The PAMPs contact at TRL level triggers a cascade of responses resulting in the expression of inflammatory response genes. In mammals, these recently identified receptors have been numbered from 1 to 11 (TLR1-TLR11). On contact with their respective PAMPs, TLR specifically activate a signaling pathway leading to the activation of NF-kB (Nuclear Factor-kappa B) and AP1 (ActivatorProtein 1) transcription factors regulating the expression of inflammatory cytokines such as TNFα, IL-1 or IL-6.  

It therefore now appears that TLR play a key role in the adaptive immune response, but the signals produced by their activation lead to the activation of numerous other cells and functions of the immune system, which makes them essential elements of both the innate immune mechanisms and of adaptive immunity. 

The activity of some sulfated algal polysaccharides as TLR activating agents might be the result of a certain structural similarity between these marine polysaccharides and bacterial lipopolysaccharides (LPS). Bacterial LPSs are indeed a type of structure occurring at the surface of their external membrane and recognized as bacteria-specific recognition elements. In particular, bacterial LPS in mammals are shown to be specifically recognised by TLR4.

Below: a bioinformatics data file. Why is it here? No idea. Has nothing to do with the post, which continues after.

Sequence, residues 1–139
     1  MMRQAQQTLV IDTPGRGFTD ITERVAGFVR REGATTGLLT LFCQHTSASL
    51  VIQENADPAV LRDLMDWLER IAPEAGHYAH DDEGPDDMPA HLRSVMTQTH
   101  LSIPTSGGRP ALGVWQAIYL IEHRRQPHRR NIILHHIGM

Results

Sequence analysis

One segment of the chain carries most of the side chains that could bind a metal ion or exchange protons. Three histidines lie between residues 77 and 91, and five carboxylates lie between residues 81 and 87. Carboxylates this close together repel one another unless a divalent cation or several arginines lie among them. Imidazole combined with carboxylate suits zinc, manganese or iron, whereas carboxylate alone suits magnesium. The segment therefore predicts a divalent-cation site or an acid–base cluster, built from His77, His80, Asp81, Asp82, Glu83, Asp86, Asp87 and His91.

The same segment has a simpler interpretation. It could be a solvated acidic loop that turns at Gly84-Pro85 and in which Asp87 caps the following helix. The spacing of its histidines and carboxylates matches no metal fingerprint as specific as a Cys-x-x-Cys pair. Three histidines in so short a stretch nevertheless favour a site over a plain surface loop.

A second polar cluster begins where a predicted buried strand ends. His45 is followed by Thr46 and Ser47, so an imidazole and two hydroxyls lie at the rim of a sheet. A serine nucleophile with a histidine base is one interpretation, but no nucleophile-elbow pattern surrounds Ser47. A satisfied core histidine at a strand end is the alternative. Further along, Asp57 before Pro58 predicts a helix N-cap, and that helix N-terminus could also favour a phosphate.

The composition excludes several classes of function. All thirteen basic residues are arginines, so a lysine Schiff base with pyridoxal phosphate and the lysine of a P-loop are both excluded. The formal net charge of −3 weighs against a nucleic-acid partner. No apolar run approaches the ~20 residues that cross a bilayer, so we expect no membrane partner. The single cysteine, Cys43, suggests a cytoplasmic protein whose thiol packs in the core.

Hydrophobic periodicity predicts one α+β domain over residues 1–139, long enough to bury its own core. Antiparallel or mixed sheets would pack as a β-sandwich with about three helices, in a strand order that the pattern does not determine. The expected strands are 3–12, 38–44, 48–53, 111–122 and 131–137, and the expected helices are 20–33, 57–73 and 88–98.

Possible applications in animal health

In conclusion, seaweeds appear to contain sugars in the form of polysaccharides, some of which - sulfated polysaccharides - are complex polyanionic structures which possess various biological properties. A vast number of studies have already evidenced the effects of some of these sulfated polysaccharides, particularly the fucoidans, the carraghenans and the ulvans, on certain mechanisms of inflammatory response and on immunity.

The identification and selection of these polysaccharides extracted from suitable macroalgae makes it possible to envisage the use of these molecules as agents for the stimulation of the various mechanisms associated with the body defence and, in particular, of the innate immunity mechanisms.